One Wednesday morning in Heistand’s senior English class, students started the class period by writing about why they agreed or disagreed with various statements like, “People should trust their leaders to make decisions for them.” Heistand says she always gives students a chance to prewrite before sharing their answers verbally, so that those who are less comfortable with English have something to share.
After the writing exercise, students moved physically to different parts of the room based on their responses and shared their opinions with a partner. Heistand then called on representatives of each group to share out to the class. The warmup activity got students speaking in English with one another about topics relevant to their lives, another key element of the model.
Heistand then assigned students to groups she had carefully crafted to discuss passages from George Orwell’s novel, “Animal Farm.” They read the passage out loud, discussed what it meant, and used textual evidence to support claims they made in response to prompts.
Since participation is fundamental to language practice, teachers often assign roles for group work so that everyone is integral to success. For the “Animal Farm” activity there was a “reader,” an “editor,” a “discussion leader” and a “question asker.” The reader is responsible for reading the text out loud; the editor helps make sure everyone knows what to write down; the discussion leader keeps the conversation moving and ensures everyone shares; and the question asker is the only one who can ask Heistand for help or clarification.
In one instance, a boy quickly grabbed the “reader” role at his table, but his tablemate told him in Spanish to let someone else try because he had read last time. The tablemate then turned to her group and repeated what she said in English, adding, “We need to practice reading, too.”
Heistand wasn’t surprised by this behavior. “They’re actually used to holding each other accountable for the norms that we have in group discussions,” she said. These are seniors, so they’ve had three years of experience with group work, sharing roles and making sure everyone has the chance to contribute. And, the school has a uniquely supportive culture in part because everyone is learning English and supporting one another through that difficult process.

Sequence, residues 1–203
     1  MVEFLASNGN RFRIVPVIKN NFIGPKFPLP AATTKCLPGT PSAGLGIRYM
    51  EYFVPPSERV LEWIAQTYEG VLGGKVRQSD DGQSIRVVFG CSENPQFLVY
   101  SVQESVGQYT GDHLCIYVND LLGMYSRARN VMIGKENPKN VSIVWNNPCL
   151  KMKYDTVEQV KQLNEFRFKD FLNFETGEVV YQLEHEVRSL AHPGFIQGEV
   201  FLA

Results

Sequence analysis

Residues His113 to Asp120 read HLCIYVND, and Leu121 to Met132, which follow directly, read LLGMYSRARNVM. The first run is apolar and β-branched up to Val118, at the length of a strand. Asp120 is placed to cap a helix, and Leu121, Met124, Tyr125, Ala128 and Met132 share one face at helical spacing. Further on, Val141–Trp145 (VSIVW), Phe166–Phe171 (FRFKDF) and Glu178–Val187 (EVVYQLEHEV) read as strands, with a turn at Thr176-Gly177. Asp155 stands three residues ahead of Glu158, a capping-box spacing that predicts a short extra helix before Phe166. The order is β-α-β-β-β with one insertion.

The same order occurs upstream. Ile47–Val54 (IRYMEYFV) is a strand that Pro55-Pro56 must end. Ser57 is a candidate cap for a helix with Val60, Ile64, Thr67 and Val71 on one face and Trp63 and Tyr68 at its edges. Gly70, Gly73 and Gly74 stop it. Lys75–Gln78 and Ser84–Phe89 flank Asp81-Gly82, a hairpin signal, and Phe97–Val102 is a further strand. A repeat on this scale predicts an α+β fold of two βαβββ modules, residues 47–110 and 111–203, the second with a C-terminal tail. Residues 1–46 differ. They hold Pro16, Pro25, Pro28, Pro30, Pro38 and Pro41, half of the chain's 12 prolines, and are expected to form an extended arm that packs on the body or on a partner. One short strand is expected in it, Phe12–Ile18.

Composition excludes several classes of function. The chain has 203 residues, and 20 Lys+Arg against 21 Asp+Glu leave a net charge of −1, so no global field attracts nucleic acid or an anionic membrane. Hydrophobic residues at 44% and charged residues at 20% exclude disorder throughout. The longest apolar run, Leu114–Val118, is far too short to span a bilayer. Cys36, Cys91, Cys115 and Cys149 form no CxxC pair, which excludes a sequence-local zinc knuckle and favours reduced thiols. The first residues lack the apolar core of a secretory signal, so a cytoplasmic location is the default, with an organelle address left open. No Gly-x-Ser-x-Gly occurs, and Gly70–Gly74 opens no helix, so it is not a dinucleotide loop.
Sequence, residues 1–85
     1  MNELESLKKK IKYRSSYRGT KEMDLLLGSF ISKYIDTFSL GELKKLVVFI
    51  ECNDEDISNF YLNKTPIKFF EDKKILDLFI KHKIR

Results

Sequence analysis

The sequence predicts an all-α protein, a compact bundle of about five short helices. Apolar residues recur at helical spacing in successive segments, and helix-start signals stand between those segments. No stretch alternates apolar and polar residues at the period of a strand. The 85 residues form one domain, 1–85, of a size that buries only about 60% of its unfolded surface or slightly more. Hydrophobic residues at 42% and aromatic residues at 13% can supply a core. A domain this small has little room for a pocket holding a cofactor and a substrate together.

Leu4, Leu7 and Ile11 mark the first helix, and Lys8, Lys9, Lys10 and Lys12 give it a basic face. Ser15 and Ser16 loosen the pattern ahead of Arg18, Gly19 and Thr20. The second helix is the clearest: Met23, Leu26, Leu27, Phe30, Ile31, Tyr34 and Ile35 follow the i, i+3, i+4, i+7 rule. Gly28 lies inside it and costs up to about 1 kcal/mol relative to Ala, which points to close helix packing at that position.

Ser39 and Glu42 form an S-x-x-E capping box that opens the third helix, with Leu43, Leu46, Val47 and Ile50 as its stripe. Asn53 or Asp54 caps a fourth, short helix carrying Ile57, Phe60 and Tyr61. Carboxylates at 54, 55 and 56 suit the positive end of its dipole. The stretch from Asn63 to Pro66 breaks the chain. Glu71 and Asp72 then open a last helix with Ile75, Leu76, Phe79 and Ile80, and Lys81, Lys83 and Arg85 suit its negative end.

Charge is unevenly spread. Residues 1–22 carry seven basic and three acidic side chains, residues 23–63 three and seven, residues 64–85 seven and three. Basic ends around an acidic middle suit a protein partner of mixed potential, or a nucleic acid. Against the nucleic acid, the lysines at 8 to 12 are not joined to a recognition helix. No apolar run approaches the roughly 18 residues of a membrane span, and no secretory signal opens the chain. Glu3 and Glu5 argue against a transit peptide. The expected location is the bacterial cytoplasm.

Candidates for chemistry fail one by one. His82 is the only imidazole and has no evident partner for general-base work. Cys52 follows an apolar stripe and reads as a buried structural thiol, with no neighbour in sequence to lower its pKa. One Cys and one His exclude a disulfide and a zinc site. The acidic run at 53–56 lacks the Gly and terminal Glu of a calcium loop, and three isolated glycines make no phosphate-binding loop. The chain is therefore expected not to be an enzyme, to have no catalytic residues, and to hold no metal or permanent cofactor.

“Every single kid in that room is a language learner,” Kessler said. “And so if somebody is making a mistake with pronunciation or struggling with the word, everybody has been there.” Educators here try to foster students’ pride in their bilingualism and community around a shared experience of struggle. It’s a safe space where students don’t have to be shy about their accents. There’s also very little direct instruction, in part because it wouldn’t be accessible to many of the students.
The emphasis on collaborative group work and conversation with peers from different backgrounds can be hard for students at first. “I am from a place where I only have the same people and same religion,” said Amel, a senior originally from Yemen. “It was really hard for me to know different people. I couldn’t even understand why they think this way, and why they wear these clothes, and why they talk this language.” She also said that at first it was confusing to try to focus on English while being surrounded by other languages like Spanish and Chinese in class and in the halls.